I doubt I’ll be able to exercise, as soon as I move, I just feel like it’s making the swelling worse.  But I’m told that exercise will make it better. So I will try, later this afternoon. See if I can do a gentle spin class, or even just ten minutes on the recumbent bike.  I won’t be able to work hard enough to get my heart rate up, but maybe moving my body will disperse some of this fluid.  I hope so.  Can only try.

But for now, its eye gels and drops, ice packs all over and elevate my feet for a while.

Rheumatoid arthritis and when the awareness raising has already been done

hearing aidI have hearing loss in my left ear, and wear a hearing aid.  It is such a tiny little thing, stuck behind my left ear that I never thought anyone would notice.  And I was happy about that.  This device is nothing like the hearing aids of old, and is completely unobtrusive.  I forget it’s there. In fact I have had a shower with it on…bad idea.  They don’t like water.  Ooops.  Lucky for me it dried out fine and is still working.

At dog obedience training this week Elke and I moved up to a new class, with a new instructor.  Immediately after we went through the class introductions, the instructor came over to me and said:

‘I notice you have a hearing aid.  Please, if at any time you can’t hear what I’m saying, just raise your arm and I’ll repeat myself.’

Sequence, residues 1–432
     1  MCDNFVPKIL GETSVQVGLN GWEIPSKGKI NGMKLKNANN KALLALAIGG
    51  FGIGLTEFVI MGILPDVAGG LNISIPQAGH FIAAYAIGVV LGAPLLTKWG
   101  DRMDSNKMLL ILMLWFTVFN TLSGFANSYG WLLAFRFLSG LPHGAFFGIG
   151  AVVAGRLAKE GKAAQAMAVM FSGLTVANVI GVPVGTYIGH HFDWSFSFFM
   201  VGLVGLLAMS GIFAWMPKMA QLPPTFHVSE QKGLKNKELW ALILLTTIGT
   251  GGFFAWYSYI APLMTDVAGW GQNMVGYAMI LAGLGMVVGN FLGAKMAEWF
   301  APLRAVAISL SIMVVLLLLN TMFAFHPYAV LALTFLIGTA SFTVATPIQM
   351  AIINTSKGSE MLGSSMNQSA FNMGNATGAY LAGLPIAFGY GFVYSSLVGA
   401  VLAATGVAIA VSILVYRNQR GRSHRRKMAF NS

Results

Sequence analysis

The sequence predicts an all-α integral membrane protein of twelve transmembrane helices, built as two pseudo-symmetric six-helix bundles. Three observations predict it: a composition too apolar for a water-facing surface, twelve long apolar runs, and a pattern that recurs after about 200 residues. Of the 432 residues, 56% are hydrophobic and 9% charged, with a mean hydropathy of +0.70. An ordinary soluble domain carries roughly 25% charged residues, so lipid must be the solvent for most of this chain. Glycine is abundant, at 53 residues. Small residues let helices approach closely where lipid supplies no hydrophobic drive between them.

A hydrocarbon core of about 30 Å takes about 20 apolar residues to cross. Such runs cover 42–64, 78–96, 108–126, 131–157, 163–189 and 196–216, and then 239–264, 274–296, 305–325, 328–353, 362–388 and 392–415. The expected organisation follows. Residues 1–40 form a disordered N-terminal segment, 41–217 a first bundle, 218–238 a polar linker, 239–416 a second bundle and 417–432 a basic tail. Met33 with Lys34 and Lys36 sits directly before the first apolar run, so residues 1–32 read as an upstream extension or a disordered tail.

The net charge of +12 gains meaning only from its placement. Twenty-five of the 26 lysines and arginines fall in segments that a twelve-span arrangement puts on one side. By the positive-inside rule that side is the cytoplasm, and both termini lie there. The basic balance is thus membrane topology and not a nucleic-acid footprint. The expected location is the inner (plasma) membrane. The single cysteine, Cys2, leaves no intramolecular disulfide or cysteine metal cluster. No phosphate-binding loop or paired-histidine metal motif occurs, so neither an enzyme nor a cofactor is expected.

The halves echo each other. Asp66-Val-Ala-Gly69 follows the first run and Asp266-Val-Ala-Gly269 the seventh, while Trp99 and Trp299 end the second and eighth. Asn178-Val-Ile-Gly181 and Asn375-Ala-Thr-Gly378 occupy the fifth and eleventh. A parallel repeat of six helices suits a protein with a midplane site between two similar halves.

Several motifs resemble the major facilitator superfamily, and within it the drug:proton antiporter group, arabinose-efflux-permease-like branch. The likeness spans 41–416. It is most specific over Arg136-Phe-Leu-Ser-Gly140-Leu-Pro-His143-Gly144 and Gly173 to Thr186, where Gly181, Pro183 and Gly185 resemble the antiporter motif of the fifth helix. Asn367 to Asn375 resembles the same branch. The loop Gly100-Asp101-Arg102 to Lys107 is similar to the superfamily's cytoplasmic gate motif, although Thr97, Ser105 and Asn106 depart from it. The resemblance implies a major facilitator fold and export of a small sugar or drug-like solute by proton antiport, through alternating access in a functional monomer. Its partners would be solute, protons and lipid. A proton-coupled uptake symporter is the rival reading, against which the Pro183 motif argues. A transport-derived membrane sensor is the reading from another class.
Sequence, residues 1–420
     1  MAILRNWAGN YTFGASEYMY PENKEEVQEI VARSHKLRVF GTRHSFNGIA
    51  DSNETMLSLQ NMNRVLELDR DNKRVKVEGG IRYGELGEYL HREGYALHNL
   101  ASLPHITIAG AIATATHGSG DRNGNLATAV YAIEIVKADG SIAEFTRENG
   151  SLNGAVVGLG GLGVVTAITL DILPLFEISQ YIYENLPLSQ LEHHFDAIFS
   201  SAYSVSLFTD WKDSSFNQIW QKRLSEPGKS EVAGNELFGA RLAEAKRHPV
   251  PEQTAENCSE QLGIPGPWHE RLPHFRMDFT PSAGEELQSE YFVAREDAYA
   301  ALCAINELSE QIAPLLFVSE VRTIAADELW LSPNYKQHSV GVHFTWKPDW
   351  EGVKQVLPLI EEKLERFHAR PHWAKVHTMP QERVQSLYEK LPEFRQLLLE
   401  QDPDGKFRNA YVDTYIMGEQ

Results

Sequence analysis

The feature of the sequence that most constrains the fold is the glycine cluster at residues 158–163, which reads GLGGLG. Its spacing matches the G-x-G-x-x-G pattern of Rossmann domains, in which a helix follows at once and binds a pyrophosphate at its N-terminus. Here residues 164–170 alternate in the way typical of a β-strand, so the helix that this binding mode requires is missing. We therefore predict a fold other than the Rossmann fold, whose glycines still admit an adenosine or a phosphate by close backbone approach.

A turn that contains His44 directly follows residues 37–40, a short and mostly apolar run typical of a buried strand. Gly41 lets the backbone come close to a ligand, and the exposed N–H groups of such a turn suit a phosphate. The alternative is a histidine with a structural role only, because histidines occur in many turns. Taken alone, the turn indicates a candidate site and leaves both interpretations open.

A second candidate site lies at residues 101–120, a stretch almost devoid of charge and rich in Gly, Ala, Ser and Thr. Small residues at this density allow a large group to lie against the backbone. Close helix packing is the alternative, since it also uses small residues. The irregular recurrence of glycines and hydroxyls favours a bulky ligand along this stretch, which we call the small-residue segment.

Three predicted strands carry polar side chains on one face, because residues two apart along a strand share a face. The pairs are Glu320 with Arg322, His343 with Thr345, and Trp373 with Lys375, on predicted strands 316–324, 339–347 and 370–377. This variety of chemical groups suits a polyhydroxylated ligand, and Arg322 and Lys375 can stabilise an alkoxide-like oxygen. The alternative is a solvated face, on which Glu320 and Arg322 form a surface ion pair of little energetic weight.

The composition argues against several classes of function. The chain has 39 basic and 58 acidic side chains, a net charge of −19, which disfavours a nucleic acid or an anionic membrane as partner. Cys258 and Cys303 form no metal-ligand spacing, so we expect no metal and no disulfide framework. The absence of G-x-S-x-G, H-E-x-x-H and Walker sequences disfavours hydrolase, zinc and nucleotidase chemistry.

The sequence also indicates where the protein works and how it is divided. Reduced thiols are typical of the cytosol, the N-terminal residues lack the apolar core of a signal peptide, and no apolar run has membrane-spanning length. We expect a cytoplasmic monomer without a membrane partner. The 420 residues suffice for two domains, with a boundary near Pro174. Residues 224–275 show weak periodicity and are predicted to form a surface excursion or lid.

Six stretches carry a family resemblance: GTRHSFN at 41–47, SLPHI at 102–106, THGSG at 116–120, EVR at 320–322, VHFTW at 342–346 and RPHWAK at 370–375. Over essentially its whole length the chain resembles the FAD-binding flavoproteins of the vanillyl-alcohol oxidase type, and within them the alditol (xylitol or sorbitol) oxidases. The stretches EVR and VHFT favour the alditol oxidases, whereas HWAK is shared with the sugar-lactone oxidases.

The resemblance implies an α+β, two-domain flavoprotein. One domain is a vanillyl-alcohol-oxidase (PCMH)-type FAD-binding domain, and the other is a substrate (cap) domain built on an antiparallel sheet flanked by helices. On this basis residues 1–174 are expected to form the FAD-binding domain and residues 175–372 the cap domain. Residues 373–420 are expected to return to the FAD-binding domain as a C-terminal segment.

She then she told the rest of the class that I was hearing impaired and to please keep in mind that it would be hard for me to hear over the background noise, outdoors, multiple dogs and people conversing.   She asked if anyone else had any disabilities or issues that might affect their ability to train.

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Hearing loss and hearing return…however fleeting, means the diagnosis is wrong

I had the most amazing thing happen today at gym. It’s a light workout day – walk on a treadie for 20 minutes. Tinnitus has been especially loud today…and pulsing. Delightful. Still, you get that. Mostly I’m so used to the tinnitus I just block it out. I lived with a drummer for 20 years. What can I say. I did pick up *some* skills from that relationship.
Anyway, I’m walking at 6km an hour trying to loosen up my hips and knees and ankles and Justin Timberlake is doing his dance, dance, dance thing on the very medium screen TVs, when my ear goes POP!

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Appointment with the Otolaryngologist, or Ear, Nose and Throat surgeon.

Ok, this guy could not have been less interested in me. What is it with me? I am totally disinteresting to everyone. No one wants to know.

I have had major hearing loss in my left ear, and minor hearing loss in my right ear. My right ear is still within normal limits, so the recommendation from the audiologist was for a hearing aid in my left ear, to improve my hearing and the constant tinnitus I now have.  But before I can get a hearing aid, I need to be checked out by an Otolaryngologist (ENT), because unilateral (one ear only) hearing loss is unusual, and there can be several causes for this which require treatment.